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Carnegie Mellon University Pittsburgh professor applies math to real-life problems in Pittsburgh and around the world

“Every week is different; this last week’s topic was about Star Wars.”

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Po-Shen Loh - PHOTO COURTESY OF CARNEGIE MELLON SWARTZ CENTER FOR ENTREPRENEURSHIP
  • Photo courtesy of Carnegie Mellon Swartz Center for Entrepreneurship
  • Po-Shen Loh

Carnegie Mellon University math professor Po-Shen Loh wants everyone with internet access to think about math as much as they can. His new free website Expii crowdsources math problems and solutions from students, teachers and math enthusiasts from around the globe. Expii gives users the ability to explore math through real-world and pop-culture problems, like which artists will win the most music awards, how one makes a bigger Death Star, and how self-driving cars can improve travel times. Loh, who is also the coach of the USA International Math Olympiad Team, heads a small Expii team in a nondescript office in Oakland. Users can visit at www.expii.com.

Why did you start Expii?

I have been trying to popularize mathematics as not just a thing that you do in school, but something you do to really understand the world better, in a really practical way. We can use math to find some surprising insights in the real world. … Every week, I sit down and meditate on some topic in the real world and try to see if there are any surprising math insights there — thinking about a real thing as a mathematician, in contrast to just thinking about mathematical theory. Every week is different; this last week’s topic was about Star Wars. ... Another one was the American Music Awards. There was this question — who is winning these things? Actually, it turns out there is a really strong correlation between the winners and how many Instagram followers they have. Which is what you might expect, because it is fan-voting, but I myself was shocked at how huge that correlation was. I can almost predict who are going to be the top [winners]. This is what we do.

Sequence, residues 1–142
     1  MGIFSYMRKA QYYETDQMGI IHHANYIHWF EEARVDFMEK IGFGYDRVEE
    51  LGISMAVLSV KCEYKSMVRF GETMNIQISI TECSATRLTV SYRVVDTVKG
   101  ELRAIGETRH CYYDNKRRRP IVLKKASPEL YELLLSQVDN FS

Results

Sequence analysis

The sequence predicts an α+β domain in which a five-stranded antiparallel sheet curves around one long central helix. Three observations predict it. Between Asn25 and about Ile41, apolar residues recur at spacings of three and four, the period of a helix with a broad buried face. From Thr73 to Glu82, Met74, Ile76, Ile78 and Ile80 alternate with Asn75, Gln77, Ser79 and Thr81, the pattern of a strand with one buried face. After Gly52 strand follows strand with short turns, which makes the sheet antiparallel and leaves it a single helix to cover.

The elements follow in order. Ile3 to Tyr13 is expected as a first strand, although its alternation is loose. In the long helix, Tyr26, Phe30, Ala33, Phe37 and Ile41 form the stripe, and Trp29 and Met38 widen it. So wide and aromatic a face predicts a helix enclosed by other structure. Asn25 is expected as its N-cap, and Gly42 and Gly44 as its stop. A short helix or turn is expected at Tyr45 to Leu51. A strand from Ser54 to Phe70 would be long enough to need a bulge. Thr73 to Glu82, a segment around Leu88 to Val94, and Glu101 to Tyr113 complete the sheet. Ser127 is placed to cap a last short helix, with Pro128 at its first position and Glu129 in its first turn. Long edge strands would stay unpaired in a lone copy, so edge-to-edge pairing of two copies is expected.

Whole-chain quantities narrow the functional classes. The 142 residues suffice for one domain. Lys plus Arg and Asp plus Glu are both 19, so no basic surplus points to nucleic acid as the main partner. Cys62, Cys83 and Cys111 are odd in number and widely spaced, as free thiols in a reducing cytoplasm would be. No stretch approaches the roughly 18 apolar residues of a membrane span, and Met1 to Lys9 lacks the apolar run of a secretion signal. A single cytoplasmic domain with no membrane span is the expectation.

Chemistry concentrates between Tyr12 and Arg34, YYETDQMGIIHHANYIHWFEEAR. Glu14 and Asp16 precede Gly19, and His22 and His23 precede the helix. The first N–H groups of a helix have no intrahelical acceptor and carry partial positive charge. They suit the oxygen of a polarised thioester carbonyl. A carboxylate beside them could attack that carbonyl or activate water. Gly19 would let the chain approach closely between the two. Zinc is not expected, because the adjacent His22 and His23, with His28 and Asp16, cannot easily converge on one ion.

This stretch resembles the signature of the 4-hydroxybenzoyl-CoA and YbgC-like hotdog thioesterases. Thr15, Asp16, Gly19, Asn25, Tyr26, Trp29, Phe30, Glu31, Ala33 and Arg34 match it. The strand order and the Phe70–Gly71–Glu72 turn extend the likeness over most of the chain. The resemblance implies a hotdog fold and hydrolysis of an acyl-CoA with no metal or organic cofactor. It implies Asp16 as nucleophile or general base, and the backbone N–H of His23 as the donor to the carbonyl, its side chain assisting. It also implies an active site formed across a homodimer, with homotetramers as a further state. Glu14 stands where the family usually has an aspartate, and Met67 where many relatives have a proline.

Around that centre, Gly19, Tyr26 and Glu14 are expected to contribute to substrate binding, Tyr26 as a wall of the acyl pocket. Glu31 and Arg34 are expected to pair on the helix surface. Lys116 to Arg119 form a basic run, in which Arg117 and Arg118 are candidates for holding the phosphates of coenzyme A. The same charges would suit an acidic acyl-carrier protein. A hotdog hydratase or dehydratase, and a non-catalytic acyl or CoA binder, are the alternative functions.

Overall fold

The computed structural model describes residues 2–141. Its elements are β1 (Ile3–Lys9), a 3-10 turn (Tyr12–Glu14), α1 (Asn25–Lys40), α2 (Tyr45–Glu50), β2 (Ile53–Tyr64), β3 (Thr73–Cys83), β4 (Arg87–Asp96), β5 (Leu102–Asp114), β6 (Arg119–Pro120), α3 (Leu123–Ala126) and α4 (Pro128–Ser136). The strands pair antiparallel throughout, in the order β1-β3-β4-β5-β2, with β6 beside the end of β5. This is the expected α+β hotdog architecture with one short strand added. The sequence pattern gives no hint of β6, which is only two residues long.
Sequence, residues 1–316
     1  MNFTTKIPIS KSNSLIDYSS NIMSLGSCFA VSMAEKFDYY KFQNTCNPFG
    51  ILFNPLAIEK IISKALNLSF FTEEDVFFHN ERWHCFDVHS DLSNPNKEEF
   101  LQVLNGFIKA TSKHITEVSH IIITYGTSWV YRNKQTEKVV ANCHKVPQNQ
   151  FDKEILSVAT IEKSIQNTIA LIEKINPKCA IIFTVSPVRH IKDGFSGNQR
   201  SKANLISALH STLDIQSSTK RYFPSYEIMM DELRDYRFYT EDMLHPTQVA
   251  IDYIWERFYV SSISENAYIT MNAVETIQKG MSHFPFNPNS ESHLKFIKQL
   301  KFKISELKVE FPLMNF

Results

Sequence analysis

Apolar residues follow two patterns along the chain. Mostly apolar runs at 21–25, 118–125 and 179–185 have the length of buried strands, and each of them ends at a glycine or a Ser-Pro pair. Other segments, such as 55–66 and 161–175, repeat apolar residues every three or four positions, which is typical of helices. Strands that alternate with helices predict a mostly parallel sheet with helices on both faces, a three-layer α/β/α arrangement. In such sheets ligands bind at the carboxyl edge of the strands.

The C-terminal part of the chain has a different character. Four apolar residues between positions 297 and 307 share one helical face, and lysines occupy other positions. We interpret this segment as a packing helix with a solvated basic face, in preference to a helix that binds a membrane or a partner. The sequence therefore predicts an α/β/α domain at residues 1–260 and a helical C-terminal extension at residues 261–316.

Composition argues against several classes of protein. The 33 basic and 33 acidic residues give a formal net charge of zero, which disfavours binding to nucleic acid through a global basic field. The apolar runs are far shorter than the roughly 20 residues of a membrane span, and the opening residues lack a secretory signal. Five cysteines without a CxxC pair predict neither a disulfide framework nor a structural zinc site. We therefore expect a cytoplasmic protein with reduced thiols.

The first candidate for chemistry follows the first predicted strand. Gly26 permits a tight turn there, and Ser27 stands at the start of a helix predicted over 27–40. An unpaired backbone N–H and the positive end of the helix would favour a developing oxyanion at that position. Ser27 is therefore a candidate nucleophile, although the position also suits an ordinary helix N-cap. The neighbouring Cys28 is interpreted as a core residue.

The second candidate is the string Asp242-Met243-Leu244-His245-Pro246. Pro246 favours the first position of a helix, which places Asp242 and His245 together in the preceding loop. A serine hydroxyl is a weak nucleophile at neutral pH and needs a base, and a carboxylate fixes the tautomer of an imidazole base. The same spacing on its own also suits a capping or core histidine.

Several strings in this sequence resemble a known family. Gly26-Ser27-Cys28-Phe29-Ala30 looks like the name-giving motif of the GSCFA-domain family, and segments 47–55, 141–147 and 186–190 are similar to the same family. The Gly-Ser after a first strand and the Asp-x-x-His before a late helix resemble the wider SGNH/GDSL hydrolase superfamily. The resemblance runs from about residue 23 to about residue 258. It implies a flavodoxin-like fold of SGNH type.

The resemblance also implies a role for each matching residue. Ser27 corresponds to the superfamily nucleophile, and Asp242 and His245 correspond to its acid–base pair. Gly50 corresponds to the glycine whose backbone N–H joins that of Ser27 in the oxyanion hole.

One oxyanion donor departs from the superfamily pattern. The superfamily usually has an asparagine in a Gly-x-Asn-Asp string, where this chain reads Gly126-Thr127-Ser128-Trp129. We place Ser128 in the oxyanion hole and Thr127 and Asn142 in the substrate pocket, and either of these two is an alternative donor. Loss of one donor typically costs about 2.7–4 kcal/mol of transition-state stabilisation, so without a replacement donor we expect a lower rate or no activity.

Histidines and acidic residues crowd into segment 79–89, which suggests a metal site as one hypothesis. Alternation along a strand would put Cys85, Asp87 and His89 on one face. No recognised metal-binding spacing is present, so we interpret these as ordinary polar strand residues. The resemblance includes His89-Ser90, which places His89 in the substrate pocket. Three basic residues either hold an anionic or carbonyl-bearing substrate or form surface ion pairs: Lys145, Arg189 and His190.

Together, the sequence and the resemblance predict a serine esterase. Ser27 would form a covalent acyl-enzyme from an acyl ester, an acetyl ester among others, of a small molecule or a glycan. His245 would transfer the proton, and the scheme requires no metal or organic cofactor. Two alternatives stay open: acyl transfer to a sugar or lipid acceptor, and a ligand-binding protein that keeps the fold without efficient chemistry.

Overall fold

When I was thinking about cars on the anniversary of the Model T Ford. I was thinking about the mathematics behind cars, transportation and so on, and noticed a few observations about self-driving vehicles and transit.

What kind of insights did you have about self-driving cars?

First, I want to say that I am not the first person to ever think of these things — I am just trying to popularize [ideas like these]. I have heard before that traffic is caused by people braking and accelerating, causing these waves of traffic. But there is another thing that fundamentally governs traffic. Take the Fort Pitt tunnel. …  Following distance is generally two to three seconds; this is because of human-reaction time. You can’t just follow [so close] because you can’t hit the brakes fast enough. ... This means only one car every two seconds can pass in each lane, or one car per second for the tunnel. That means the numbers of cars that can pass through the Fort Pitt Tunnel, no matter how fast they are driving or slow they are driving, is 3,600 [per hour]. That is real life. If your capacity of the tunnel is only 3,600 per hour, now you know why there is rush hour. I know that highway engineers know this, but now I was finally thinking about it in the same way. 

Now, how does this factor into self-driving cars? The two-second following-distance reaction time is because of human-reaction time. As a human, I can only see the car in front of me; I don’t have this omniscient view of traffic five miles ahead. Now, imagine a huge network of self-driving cars; in fact, the value of the self-driving car is in this swarm-like network. Now suddenly, you don’t need that two-second following time. You can actually pack cars closer, and that is the only way to overcome this. If you allow a shorter following distance, we can break through this barrier of only 3,600 cars per hour. But the extreme case of this [already exists]; it’s the subway train. Take New York City, trains come every five minutes, with 10 cars, and each car can fit 150 people. That’s 1,500 people every five minutes, that’s 18,000 people an hour.   

What do you hope to accomplish with Expii?

We are trying to help everyone in the world learn mathematics, where all they need is a smartphone. We are trying to deliver mathematics learning to the whole world for free. There are two ways to do this. One is to evangelize why mathematics might be worth doing in the first place. This is why I try to come up with these problems, so [users] too might want to come up with [mathematical] insights. The other part is to make it so you don’t have to pay. So [Expii] is an automatic virtual tutor, which lets you have a personalized road to learn mathematics. Ours is a learning platform where people have contributed towards the problems and mini-lessons, and so everyone shares in it together.


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